Even after a week of tasting her way through Belgium, associate
editor Caroline Scutt wasn't able to find an answer to the question
"What exactly is Belgian cuisine?" What she did discover -- several
pounds later -- is that Belgians have a unique way of combining
ingredients to create colorful and hearty meals. Her report
BRUSSELS, Belgium -- Ask eight people to describe Belgian
cuisine and you'll get eight answers -- each one slightly
The definition I found most appropriate was that Belgian cooking
is a combination of French quality and German quantity. And let's
not forget the two staples Belgium is famous for perfecting:
chocolate and beer.
Belgium has two regions, each with a distinct culture and
The regions are Flemish-speaking Flanders in the north and and
the Ardennes region in the south, where the population speaks a
French dialect called Walloon.
Belgium's cultural complexity is also reflected in its cuisine,
which is influenced by the flavors of neighboring countries and
varies slightly depending upon what region -- or town -- you are
Jean Goire, chef and owner of Hotel du Moulin in Ligneuville,
explained that because of its proximity to the ocean, Flanders
cooking historically relied on seafood, while in the Ardennes, beef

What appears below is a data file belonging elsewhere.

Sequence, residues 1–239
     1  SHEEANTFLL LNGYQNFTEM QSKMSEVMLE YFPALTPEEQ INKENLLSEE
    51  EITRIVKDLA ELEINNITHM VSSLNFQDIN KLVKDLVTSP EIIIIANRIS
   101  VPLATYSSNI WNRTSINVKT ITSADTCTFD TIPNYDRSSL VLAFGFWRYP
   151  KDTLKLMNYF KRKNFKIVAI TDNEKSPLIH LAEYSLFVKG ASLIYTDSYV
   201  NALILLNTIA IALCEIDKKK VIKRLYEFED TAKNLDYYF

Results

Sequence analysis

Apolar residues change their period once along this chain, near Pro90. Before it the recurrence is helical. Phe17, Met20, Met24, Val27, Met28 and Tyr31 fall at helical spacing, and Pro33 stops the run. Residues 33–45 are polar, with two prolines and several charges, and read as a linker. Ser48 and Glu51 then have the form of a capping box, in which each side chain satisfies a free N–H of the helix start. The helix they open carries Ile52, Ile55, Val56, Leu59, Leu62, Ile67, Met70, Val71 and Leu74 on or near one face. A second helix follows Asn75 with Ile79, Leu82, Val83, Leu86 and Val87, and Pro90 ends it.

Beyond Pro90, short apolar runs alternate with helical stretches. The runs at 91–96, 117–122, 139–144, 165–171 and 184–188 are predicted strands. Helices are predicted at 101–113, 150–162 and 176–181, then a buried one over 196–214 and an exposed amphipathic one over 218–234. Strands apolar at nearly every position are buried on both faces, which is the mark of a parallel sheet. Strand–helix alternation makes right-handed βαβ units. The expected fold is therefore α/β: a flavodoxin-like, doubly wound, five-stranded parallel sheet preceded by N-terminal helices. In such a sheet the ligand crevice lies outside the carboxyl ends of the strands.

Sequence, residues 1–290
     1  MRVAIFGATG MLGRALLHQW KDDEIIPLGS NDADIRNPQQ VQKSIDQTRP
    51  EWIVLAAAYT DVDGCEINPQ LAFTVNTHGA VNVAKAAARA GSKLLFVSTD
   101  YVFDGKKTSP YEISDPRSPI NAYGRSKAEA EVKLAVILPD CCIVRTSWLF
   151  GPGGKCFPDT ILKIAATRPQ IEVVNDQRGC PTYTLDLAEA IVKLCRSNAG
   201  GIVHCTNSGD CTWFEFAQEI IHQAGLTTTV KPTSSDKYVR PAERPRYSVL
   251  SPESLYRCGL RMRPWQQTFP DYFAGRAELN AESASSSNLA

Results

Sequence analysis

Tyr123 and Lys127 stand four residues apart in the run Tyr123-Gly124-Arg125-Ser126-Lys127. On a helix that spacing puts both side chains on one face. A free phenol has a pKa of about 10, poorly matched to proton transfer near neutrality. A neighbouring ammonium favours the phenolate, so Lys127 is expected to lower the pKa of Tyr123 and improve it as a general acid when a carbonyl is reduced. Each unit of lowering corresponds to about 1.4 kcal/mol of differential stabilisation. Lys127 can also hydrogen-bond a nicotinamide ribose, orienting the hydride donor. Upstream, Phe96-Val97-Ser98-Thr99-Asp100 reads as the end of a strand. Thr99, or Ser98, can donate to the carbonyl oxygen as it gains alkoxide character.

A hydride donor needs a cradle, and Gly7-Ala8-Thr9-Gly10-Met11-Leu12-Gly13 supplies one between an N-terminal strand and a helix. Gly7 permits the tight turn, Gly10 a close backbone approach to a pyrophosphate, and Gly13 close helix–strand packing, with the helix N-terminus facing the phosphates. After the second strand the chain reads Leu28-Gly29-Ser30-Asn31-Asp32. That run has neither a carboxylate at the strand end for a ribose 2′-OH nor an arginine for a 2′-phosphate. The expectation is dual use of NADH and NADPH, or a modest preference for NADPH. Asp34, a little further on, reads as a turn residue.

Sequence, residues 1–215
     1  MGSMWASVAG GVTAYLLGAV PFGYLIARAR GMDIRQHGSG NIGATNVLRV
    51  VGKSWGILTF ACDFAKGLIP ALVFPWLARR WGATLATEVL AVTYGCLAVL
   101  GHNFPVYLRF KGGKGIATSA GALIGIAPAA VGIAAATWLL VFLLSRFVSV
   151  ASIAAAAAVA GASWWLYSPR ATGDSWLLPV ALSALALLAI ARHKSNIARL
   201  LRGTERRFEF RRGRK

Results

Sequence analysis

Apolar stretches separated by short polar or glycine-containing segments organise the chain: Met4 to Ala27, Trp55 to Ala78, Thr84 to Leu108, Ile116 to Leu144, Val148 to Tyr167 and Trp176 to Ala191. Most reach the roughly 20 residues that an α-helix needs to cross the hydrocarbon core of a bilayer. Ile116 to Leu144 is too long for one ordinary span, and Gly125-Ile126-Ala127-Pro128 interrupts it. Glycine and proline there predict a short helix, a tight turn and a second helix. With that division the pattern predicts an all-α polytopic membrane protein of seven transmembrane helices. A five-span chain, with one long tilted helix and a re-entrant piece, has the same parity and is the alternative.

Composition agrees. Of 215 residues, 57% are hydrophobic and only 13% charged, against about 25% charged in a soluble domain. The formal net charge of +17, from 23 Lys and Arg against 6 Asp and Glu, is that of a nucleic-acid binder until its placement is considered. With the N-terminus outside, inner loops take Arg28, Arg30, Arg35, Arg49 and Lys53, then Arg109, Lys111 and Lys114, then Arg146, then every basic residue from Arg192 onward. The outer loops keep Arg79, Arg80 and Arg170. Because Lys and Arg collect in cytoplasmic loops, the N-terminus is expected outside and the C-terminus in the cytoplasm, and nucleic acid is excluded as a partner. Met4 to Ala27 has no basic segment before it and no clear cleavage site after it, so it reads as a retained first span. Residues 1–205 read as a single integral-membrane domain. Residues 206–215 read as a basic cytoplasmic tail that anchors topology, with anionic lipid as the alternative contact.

and river fish were more plentiful.
Goire noted what most people familiar with the cuisine already
know: Belgian cuisine is heavily influenced by French dishes. In
fact, all of the chefs I spoke with were trained in classical
French cooking and used that knowledge as the basis for creating
their own signature dishes.
The following menu of suggestions is a guide to some of the most
traditional and delicious culinary indulgences found throughout
Belgium. Many of the dishes listed below aren't found on the menus
of restaurants specializing in haute cuisine.
Mussels and fries
An ideal introduction to a culinary odyssey here is Belgium's
national dish, mussels and fries. Although mussels are available
year-round, the season is September through March. Mussels are
served in a number of ways, the most popular being steamed in a
white wine sauce. A dish of mussels, which are served in a black
cooking pot and usually accompanied by a heaping plate of fried
potatoes, is probably enough for two people.
In the U.S., we might refer to fried potatoes as French fries,
but the Belgians are quick to insist that these fries originated in
their country and have nothing to do with the French at all.
Belgian fries aren't anything like their American counterparts
served in fast food joints. Belgian fries are thicker and aren't
greasy or salty.
Bevy of brews
A great way to wash down mussels and fries is with a Belgian
beer. The only problem is choosing from the overwhelming selection.
The Belgian Tourist Office boasts that there are about 400
different types of beers brewed in Belgium, but some people claim
that if you throw in all the variations and small breweries, that
number is closer to 1,000. Some of the most popular beers
include:Fruit beers such as Kriek cherry beer and peach flavored St.
Louis Peche are light and sweet brews, perfect for people who
ordinarily find beer on the bitter side.A popular light beer is referred to simply as a blanche. This